Leonard A Stalnaker

Specialist Four
Alpha Company, 3/7, 199th Light Infantry Brigade
Army Of The United States
30 July 1946 - 08 February 1968
Crawfordsville, IN
Panel 38E Line 039

Leonard Stalnaker

Combat Infantry

Purple Heart, National Defense, Vietnam Service, and Vietnam Campaign medals

The database page for Leonard A Stalnaker

Written 12/14/88, Washington DC after visiting the Vietnam Memorial

I finally saw the Wall today. You're on 38E, line 39. February 1968. Some friends of mine help me make a couple rubbings of your name. I've got one that Katrina made for me years ago, but I wanted to get my own, too.

I didn't go to your funeral. I was only 6, Little Pete was only 3. There's a picture, somewhere, of your casket in the funeral home. It was blanketed in red, white and blue carnations, and your army picture was on top. I think I remember a uniformed man standing next to your casket, but I haven't seen that picture in a long time.

I guess Mom and Dad thought we were too young to go to a funeral...maybe we were, but I've always felt like I never had a chance to say good-bye. There was no finality to your death, just a continuation of your absence. I was only 6, and reality is so elastic at that age.

You were a myth to me then, and grew into a larger myth as I grew older.

I have a memory of you taking me to the little market once; I pestered you into buying me a Mountain Dew. I have another memory of you at home -- at our home -- on leave. It was Easter I think, and you slept on the couch. I got up early to see if the Easter Bunny had come yet. He hadn't and I was afraid you had scared him off. You slept on your back. I watched you for a bit, staring at you, trying once again to sort out the complication that was our relationship. Were you a brother, an uncle? I knew Debbie was my aunt, but she felt like a sister since she lived with us. But who were you, how were we related, and why had you scared off the Easter Bunny?

From the mythical status your memory grew into, I suspect there must be other memories buried somewhere, but those are the only two I see when I think of you.

I remember Daddy taking Pete and I into our bedroom and telling us you were dead and wouldn't be home again. I knew what dead was, and I cried for you then.

I've never been able to pinpoint anything that led me to hope you might still come home. Did I overhear the family talk about mistakes made in identifying soldiers? Was it Gramma Ethel's insistence that you'd be home again? Surely no one else in the family ever said, "Well, maybe it was a mistake. Maybe he'll still be back." Surely no one actually said that to me.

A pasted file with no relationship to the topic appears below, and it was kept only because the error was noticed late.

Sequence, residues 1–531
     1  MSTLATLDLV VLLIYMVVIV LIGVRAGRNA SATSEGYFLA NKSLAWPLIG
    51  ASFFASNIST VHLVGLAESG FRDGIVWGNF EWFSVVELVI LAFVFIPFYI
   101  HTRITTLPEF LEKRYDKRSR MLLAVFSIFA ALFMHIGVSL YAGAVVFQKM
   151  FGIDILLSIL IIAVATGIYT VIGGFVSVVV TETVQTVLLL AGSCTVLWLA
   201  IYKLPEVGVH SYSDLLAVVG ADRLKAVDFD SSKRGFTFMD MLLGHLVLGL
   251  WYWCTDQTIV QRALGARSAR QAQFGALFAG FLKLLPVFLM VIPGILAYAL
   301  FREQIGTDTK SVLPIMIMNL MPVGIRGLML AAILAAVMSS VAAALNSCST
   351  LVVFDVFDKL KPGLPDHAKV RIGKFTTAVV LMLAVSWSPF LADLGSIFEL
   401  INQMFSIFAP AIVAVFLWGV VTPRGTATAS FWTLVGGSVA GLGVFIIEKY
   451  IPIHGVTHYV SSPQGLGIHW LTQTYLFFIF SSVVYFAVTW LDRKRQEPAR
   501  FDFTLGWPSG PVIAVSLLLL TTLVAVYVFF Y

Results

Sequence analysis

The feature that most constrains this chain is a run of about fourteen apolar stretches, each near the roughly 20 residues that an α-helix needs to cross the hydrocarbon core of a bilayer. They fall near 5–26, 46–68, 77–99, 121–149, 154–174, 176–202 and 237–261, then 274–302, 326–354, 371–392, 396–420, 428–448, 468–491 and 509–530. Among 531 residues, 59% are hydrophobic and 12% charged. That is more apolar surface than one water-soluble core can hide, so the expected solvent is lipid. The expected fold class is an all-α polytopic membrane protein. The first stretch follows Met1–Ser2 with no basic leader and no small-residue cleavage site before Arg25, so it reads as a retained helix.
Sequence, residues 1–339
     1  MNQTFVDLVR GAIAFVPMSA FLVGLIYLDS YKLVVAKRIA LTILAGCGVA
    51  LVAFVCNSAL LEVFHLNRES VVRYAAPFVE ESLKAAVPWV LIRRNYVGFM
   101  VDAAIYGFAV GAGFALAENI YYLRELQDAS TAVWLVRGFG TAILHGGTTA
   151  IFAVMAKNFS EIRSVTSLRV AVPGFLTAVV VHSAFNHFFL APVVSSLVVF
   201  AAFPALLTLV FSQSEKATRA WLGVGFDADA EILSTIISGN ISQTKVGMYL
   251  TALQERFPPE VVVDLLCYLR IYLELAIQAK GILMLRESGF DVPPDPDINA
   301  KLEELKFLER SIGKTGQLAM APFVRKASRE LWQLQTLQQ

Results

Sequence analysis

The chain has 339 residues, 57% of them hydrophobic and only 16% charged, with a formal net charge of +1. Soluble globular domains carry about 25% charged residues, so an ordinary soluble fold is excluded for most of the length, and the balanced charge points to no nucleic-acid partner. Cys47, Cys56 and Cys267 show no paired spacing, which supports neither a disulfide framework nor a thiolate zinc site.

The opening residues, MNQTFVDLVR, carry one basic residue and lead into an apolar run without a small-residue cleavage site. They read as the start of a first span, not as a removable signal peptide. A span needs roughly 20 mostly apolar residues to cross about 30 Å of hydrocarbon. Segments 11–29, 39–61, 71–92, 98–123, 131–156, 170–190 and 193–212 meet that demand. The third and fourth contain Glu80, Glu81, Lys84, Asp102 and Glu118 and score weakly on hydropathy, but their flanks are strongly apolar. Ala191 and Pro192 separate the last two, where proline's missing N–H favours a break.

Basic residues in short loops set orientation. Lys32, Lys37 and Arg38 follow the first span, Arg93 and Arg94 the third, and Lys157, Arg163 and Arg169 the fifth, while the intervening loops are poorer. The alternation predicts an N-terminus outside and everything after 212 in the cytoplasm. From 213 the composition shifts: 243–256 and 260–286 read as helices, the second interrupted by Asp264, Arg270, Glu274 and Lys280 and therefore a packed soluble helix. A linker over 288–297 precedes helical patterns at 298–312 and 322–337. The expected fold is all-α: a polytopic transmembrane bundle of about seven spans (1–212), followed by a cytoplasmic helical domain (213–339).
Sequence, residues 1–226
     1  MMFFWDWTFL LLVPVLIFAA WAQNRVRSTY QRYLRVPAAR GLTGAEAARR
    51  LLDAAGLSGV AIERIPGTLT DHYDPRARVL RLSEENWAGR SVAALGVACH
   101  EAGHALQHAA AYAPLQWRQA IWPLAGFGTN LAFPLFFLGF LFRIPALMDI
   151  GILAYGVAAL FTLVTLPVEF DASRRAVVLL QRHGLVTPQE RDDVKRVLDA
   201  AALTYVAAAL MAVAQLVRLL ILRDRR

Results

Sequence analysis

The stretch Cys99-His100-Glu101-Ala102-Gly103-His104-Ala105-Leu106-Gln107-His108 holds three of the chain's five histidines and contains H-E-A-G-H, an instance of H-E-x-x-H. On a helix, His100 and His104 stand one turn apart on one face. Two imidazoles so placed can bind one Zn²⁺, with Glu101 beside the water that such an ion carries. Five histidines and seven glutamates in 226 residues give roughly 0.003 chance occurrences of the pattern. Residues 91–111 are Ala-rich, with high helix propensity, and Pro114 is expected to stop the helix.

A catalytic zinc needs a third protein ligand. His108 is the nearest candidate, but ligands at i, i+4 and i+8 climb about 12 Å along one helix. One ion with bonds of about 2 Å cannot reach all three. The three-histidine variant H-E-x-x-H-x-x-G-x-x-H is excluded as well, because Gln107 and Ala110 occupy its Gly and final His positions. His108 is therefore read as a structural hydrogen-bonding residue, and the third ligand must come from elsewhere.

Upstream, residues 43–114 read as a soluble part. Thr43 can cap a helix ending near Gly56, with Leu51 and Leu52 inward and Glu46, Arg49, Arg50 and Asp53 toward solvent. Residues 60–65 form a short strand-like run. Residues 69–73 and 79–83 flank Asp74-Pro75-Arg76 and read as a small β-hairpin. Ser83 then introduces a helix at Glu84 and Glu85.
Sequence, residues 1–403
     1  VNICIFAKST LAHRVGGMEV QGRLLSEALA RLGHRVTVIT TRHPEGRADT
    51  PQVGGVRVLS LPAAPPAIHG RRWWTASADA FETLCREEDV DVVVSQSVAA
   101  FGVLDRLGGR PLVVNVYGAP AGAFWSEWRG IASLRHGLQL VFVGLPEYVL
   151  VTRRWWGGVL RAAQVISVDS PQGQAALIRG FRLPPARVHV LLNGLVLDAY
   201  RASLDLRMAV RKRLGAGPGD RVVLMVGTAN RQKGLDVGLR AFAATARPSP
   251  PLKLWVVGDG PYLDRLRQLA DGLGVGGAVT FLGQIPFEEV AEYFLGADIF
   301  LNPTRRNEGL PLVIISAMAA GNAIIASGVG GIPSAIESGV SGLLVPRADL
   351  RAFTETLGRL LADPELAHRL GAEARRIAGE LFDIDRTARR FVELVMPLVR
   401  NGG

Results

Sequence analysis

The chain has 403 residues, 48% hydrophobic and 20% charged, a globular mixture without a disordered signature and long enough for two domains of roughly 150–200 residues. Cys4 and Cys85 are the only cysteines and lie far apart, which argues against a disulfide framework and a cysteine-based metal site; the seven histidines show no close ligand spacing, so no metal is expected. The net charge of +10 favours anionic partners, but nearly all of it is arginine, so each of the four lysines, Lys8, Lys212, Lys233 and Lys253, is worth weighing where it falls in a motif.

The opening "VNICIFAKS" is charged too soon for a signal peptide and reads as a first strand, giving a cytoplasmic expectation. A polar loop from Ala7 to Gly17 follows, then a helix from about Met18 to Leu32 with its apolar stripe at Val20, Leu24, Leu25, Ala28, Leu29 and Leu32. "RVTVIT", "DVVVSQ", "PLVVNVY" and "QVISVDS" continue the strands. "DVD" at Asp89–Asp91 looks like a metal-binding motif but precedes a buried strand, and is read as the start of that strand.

But that belief grew and grew in me--unspoken. I knew better than to say anything out loud, but there was that hope. Maybe it was simply that, although I knew what dead was, I wasn't ready to apply it to people I'd known.

So I harbored a secret hope that you were out there somewhere. Maybe you were just lost, so far away from home, and you'd find your way back someday.

When the POWs came home, they televised the first plane loads. I was glued to the TV, searching for your face. Mom watched with me, admitting that she was sort of hoping to find you in the crowd, too.

But you weren't on any of those planes, nor the ones after it. Six or seven years after we buried you, I understood then that it really was you in that Waynetown grave. I cried for you again, and thought I was finally saying good-bye.

But...I stood on a street corner in Chicago, holding the rubbing of your name from the Wall as thousands of veterans marched past me. I saw a group from Crawfordsville and I wanted so badly to dart after them, ask them to carry your name because you should have been there. I hesitated too long; they passed. So I held your name up, and said good-bye again as I cried.

Last July, the Moving Wall was in Des Plaines. I found your name, cried, and said good-bye yet another time.

Tonight in Washington, I stood in before your name on the real Wall, cried, and thought of the Easter Bunny. I didn't say good-bye.

I have my memories and several family stories about you. I have an enormous sense of loss that I only knew you when I was a child. To say good-bye is to forget that knowing you when I was a child was wonderful at the time.

Lennie was assigned to Alpha Company, 3/7, 199th Light Infantry Brigade (also known as the Redcatchers).

Tom Hayes Redcatcher Site

A memorial from
Lisa Ann Stalnaker
13 Dec 1997

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With all respect - K. J. Davis, Commander, United States Navy (Ret)